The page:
Have you ever stood on ground that you knew was quite valuable? Like standing on a piece of land that you knew had oil in the ground. How about a piece of land with buried treasure? Treasure you knew you could not retrieve but it was there. Something of priceless value. You have probably actually done just that. Stood on very valuable real estate. Call it hallowed ground.
In the early 1960’s my family lived a few years in Europe when my dad was with the Air Force. I was about ten years old. I had not seen much snow growing up in Texas so I really enjoyed that. I also enjoyed the traveling. One of my memorable trips was a family visit to Normandy beach. We had just seen the movie the Longest Day. My brothers and I were determined to find Pointe du Hoc were the Army Rangers had to scale a cliff in order to knock out some big German guns. The day we visited Normandy the weather was cool with a mild rain. I was uncomfortably cold and I actually don’t remember enjoying it as much as I thought I would. But there is one thing I do remember. The white crosses. Lots of them. For many years I thought most people were buried with white crosses. As I grew older and visited other cemeteries I realized most burial sites have tombstones.
I returned to Europe in the early 1980’s with a wife and a three year tour of duty with the Air Force. We had no children at the time. After years of school we finally had a little bit of time and money so we took advantage of traveling. One of our more memorable weekend excursions was to Belgium. We spent an enjoyable Friday and Saturday visiting some small towns. On Sunday morning I told the wife I wanted to visit Flanders Fields. She said she had heard of the poem but did not know it was in Belgium. I told her that Americans had fought and died in Belgium in World War I. Many Americans know that the Battle of the Bulge of the second World War was in Belgium but are not aware that U.S. soldiers fought not only in France in the first World War, but also in Belgium. I informed her it looked to be only about a forty minute drive from where we had spent the night, “so let’s give it a visit.”
We arrived at the Flanders Fields American Cemetery early in the morning. We were very warmly greeted. It is not as well known as other American cemeteries in Europe such as Normandy or the one in Luxemburg where General Patton rests with his troops. The Flanders Fields cemetery was beautiful, almost immaculate. The grass was like a putting green on a golf course. I was not aware of how just how well the Belgium people maintain American cemeteries. I don’t recall many other people being there. My wife and I had a short meditative devotional and then we leisurely strolled. The graves were marked with white crosses just like Normandy. That was something I took note of the moment I entered the cemetery. Towards a corner of the cemetery I paused when I saw the date on one of the crosses. The same date was on another, and then another. “What is it?” she asked.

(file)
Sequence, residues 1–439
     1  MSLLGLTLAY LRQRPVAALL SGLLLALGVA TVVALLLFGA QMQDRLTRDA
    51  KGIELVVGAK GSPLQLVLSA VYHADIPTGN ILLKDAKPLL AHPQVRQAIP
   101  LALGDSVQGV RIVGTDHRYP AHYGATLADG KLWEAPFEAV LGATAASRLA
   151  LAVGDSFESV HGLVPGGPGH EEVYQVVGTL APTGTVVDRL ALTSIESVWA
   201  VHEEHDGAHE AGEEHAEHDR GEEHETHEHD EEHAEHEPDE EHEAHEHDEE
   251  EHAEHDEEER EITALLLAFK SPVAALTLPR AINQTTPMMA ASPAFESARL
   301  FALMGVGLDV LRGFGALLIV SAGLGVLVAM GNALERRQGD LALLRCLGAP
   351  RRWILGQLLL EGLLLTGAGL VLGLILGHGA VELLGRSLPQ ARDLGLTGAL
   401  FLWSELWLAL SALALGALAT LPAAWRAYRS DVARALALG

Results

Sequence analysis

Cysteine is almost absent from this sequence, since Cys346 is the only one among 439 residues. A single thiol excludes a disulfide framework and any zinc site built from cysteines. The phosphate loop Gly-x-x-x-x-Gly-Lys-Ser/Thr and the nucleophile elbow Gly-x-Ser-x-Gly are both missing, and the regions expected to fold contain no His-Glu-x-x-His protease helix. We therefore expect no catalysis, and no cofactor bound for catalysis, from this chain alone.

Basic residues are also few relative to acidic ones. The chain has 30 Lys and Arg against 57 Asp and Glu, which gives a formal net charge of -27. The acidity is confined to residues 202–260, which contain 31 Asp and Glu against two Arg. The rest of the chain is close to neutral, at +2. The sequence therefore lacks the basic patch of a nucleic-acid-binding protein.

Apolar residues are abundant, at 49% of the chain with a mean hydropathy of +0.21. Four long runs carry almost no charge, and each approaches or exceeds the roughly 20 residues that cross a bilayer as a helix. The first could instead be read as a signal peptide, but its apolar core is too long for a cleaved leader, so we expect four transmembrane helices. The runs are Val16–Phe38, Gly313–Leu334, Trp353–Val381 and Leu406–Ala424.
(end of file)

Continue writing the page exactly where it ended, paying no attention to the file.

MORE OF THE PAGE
“Over a dozen of these men died on the same day,” I replied. “What is so unusual about that?” she responded. “Look at the date,” I said. “November 11, 1918. These men died on the last day of the war.” I mentioned to her that the armistice to end the war had been signed on the 11th hour of the 11th day of the 11th month. I will never forget that. Who of us wants to go to war, much less die on the last day. Some had to and some did. I have thought of their sacrifice many times.
My grandfather was in the trenches overseas. It messed up his hearing. My father has given me some papers regarding his father’s Army unit overseas. The papers were Army orders and official stuff like that. No personal letters because my grandfather grew up without ever going to school. He died in the 1980’s without ever learning to read or write. Inside that folder was some Army correspondence regarding the evening of November I0, 1918. Evidently my grandfather’s unit was to go over the top at dawn on Nov 11, 1918. One out of three were often killed in the World War I assaults. Fortunately, he also got orders late the night of the 10th to stand down. Unfortunately, not everyone on the Western front got the message.
That ground in Belgium holds some of our nation’s greatest treasure, American fallen combat soldiers. A heavy price was paid, one I hope all generations will remember. Any cemetery with American troops is a field of treasure to me. Freedom is not free. The Belgium people have honored us at Flanders Field.
In Flanders Fields
By: Lieutenant Colonel John McCrae, MD (1872-1918)
In Flanders Fields the poppies blow
Between the crosses row on row,
That mark our place; and in the sky
The larks, still bravely singing, fly
Scarce heard amid the guns below.
We are the Dead. Short days ago
We lived, felt dawn, saw sunset glow,
Loved and were loved, and now we lie
In Flanders fields.
Take up our quarrel with the foe:
To you from failing hands we throw
The torch; be yours to hold it high.
If ye break faith with us who die
We shall not sleep, though poppies grow
In Flanders fields.